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Crit Rev Oncol Hematol. 2007 Nov;64(2):159-71. Epub 2007 May 4.

Role of erythropoietin in the brain.

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  • 1Molecular Medicine Branch, National Institute of Diabetes & Digestive & Kidney Diseases, National Institutes of Health, Department of Health and Human Services, Bethesda, MD 20892-1822, USA.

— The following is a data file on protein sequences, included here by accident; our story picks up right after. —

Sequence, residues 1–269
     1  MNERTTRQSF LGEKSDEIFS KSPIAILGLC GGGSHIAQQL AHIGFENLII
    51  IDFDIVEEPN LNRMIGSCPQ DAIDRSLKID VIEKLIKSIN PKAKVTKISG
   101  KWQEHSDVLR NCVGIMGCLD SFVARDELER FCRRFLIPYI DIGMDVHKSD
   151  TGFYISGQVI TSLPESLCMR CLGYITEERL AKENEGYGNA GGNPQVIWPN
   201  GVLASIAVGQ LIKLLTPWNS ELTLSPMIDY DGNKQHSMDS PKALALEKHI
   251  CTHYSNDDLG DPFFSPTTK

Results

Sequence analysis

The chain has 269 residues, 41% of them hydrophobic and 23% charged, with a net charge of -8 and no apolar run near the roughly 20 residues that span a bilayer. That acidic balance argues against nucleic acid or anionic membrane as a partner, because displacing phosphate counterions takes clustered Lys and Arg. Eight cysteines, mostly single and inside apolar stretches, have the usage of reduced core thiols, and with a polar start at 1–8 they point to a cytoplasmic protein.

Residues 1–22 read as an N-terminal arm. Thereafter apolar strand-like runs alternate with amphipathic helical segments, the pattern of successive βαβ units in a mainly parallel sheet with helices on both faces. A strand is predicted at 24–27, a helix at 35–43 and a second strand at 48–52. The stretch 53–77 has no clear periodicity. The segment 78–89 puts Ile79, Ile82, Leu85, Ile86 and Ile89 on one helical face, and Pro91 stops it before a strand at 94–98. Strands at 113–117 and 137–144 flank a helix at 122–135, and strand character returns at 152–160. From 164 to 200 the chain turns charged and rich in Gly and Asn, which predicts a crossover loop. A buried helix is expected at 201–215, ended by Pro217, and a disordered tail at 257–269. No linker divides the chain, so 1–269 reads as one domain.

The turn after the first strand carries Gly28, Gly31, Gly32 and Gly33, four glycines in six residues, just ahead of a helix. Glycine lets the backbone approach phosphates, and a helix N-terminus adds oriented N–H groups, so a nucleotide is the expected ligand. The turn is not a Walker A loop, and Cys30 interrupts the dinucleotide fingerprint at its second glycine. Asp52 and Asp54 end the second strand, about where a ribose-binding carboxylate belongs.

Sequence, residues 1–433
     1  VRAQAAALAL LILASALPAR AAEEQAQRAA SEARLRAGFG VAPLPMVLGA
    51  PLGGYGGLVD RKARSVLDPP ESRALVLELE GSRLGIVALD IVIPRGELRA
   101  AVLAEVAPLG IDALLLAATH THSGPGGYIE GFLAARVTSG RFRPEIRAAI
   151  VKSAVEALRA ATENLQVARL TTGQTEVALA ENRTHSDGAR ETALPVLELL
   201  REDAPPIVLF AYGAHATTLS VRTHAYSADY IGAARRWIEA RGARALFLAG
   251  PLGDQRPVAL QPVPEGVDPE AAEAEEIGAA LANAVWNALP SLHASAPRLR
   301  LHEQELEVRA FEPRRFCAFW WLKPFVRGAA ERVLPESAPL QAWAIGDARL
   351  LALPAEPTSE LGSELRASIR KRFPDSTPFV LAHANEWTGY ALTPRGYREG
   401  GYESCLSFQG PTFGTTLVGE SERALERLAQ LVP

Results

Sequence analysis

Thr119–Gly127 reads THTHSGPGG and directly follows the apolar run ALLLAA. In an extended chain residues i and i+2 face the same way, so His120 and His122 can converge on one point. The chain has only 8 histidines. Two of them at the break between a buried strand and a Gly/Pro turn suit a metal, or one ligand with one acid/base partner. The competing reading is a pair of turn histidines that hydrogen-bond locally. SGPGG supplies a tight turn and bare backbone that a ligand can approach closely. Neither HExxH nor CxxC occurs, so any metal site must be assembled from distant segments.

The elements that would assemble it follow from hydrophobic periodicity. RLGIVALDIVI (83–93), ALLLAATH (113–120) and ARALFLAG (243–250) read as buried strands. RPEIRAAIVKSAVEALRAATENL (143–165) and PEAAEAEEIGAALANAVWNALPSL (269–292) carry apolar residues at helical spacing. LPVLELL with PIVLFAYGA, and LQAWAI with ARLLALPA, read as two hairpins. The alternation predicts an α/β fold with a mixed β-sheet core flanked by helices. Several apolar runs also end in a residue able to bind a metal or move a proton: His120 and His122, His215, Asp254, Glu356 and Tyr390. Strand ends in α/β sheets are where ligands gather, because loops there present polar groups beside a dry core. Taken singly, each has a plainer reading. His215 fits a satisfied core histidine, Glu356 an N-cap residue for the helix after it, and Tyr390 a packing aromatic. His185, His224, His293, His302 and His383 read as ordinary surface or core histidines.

Multi-tissue erythropoietin receptor (EPO-R) expression provides for erythropoietin (EPO) activity beyond its known regulation of red blood cell production. This review highlights the role of EPO and EPO-R in brain development and neuroprotection. EPO-R brain expression includes neural progenitor cells (NPC), neurons, glial cells and endothelial cells. EPO is produced in brain in a hypoxia sensitive manner, stimulates NPC proliferation and differentiation, and neuron survival, and contributes to ischemic preconditioning. Mice lacking EPO or EPO-R exhibit increased neural cell apoptosis during development before embryonic death due to severe anemia. EPO administration provides neural protection in animal models of brain ischemia and trauma, reducing the extent of injury and damage. Intrinsic EPO production in brain and EPO stimulation of endothelial cells contribute to neuroprotection and these are of particular importance since only low levels of EPO appear to cross the blood-brain barrier when administered at high dose intravenously. The therapeutic potential of EPO for brain ischemia/trauma and neurodegenerative diseases has shown promise in early clinical trial and awaits further validation.

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